RLC in the Media: Concerns raised over police body worn video decision
An internal review examining the use of police Body Worn Video (BWV) in NSW has concluded police should retain discretion about when to activate their BWV cameras, citing privacy concerns.
But RLC solicitor Samantha Lee says that it is in everyone's interest that all police interactions with the public are recorded.
Damien Carrick reports for the Law Report, ABC Radio National.
In recent years, BWV cameras have been distributed to police officers in many parts of the world. In NSW, a review of the legal framework around the use of BWV has just been released by the state’s Department of Communities and Justice. The main recommendation is that NSW Police should continue to have discretion about when to activate video recordings.
In their submissions to the review, the NSW Law Society and Legal Aid both argued that police should be required to activate BWV Cameras in certain situations. The Aboriginal Legal Centre and the Redfern Legal Centre went further arguing that all interactions between the police and the public should be recorded.
Redfern Legal Centre Police Accountability Solicitor Samantha Lee says that it is in everyone's interest for police to record.
“It can be useful for both parties. Useful in terms of better transparency. In regards to policing practice, it can support the accounts of either party in regards to any complaints against police,” Ms Lee said.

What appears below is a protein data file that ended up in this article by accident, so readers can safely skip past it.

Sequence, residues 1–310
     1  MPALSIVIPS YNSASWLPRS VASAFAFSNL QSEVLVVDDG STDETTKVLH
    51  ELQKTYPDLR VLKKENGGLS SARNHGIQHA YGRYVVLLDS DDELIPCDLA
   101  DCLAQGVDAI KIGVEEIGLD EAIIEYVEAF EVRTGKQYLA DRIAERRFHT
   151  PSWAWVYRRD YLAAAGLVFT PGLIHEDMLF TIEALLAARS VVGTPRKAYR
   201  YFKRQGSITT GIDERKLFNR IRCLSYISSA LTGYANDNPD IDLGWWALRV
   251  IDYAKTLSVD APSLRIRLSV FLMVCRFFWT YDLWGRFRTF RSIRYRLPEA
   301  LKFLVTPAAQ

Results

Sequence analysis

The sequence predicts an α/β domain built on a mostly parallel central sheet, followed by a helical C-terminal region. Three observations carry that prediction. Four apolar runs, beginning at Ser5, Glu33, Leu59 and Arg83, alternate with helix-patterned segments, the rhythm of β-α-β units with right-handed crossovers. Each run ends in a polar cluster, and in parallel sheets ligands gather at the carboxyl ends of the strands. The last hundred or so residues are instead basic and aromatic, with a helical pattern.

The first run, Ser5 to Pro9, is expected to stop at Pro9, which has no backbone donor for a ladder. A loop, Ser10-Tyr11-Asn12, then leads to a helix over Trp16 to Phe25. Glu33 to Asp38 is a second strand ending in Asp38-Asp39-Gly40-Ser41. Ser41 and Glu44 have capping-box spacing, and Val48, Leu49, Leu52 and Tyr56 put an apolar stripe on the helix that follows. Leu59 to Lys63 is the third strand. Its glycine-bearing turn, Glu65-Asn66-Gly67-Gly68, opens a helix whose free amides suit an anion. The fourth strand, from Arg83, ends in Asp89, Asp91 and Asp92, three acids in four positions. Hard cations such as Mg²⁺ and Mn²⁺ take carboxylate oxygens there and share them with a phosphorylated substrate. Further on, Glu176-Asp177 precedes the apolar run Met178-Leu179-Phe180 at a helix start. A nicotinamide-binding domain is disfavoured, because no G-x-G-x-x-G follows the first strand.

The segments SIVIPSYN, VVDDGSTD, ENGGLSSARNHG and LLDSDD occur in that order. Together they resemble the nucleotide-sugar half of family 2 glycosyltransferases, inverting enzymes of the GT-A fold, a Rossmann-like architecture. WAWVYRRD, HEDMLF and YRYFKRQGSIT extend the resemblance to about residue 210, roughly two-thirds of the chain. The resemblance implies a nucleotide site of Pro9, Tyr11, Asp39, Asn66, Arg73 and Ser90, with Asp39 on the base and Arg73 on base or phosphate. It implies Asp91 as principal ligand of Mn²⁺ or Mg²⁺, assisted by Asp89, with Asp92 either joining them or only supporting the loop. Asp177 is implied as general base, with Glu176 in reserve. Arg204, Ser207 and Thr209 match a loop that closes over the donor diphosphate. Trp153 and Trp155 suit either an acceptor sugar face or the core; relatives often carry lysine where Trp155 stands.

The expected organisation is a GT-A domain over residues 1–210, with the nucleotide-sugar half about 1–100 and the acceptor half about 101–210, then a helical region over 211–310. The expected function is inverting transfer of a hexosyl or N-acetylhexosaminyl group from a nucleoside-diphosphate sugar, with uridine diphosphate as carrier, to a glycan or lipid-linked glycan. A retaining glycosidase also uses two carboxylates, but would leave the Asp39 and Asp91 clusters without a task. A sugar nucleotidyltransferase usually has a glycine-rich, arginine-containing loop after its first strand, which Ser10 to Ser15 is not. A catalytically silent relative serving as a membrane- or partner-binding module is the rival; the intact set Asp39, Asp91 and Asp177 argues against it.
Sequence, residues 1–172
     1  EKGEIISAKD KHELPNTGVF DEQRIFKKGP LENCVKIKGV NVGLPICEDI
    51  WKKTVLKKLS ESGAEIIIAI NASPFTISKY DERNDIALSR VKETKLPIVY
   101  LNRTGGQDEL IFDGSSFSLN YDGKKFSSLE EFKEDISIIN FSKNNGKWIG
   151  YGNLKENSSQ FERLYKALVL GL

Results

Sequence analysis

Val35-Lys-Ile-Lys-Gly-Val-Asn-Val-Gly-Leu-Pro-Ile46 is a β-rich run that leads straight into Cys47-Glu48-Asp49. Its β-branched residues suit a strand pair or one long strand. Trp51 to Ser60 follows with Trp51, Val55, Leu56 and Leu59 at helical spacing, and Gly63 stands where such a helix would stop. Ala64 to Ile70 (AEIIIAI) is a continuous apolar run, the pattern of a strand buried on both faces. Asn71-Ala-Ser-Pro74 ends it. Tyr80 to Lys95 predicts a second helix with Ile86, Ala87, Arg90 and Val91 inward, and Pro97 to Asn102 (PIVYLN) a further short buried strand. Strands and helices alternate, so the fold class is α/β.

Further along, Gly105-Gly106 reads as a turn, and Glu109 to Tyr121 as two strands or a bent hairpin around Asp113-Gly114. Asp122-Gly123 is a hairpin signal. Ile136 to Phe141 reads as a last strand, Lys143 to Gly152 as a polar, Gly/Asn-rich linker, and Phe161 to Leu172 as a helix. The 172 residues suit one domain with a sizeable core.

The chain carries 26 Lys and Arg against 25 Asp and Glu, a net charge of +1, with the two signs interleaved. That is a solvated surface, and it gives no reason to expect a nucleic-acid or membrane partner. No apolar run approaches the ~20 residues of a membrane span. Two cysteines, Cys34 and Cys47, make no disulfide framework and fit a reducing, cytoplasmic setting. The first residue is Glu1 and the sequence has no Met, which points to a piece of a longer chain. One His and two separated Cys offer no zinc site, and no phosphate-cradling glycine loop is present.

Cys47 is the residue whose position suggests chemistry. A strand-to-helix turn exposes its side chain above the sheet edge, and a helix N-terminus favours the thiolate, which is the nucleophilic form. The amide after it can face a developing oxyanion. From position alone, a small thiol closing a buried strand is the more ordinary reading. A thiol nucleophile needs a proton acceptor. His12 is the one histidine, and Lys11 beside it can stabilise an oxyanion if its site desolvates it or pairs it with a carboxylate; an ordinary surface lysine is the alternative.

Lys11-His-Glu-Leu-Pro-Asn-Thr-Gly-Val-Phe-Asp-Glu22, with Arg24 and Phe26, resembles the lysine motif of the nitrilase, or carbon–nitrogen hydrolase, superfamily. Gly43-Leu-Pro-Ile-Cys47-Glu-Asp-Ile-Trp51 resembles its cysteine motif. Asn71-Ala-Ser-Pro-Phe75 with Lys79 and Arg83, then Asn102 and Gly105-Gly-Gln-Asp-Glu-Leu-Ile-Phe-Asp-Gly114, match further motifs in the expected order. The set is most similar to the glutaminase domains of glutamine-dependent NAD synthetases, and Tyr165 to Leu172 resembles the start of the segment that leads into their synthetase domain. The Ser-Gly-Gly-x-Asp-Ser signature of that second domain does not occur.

“The problem at the moment is that discretion leaves too much in the mind of an individual police officer to decide whether an incident is occurring or whether a police power is being initiated”.
Ms Lee described one client’s experience when five police were called to a property and firearms were drawn. After lodging an application to gain access to BWV footage, Redfern Legal Centre was informed that none of the officers had their body worn cameras turned on.
“Obviously this is a huge concern, particularly where firearms are drawn. It should be automatic that BWV footage is turned on in those circumstances and it certainly would have benefited our client if we were able to see exactly what had occurred.”
In their submissions, NSW Police and NSW Police Association raised a number of concerns with constant recording including the danger it could identify undercover police officers or that it could capture interactions with very vulnerable people, encouraging them not to interact with police.
However, Ms Lee responded that: “The main premise we go back to is that police have enormous amounts of power and with that power comes enormous responsibility. When it comes to complaints against police you usually have one person’s word against two or three police officers and it makes it extremely difficult to get across the line.”
Redfern Legal Centre is disappointed with the findings of the internal review but will continue to advocate for legislative change in this area to ensure members of the public have adequate recourse for addressing police complaints.
As Ms Lee concluded: “Footage can speak a thousand words”.
Listen to the full interview here: (ABC Law Report, 25 August 2020)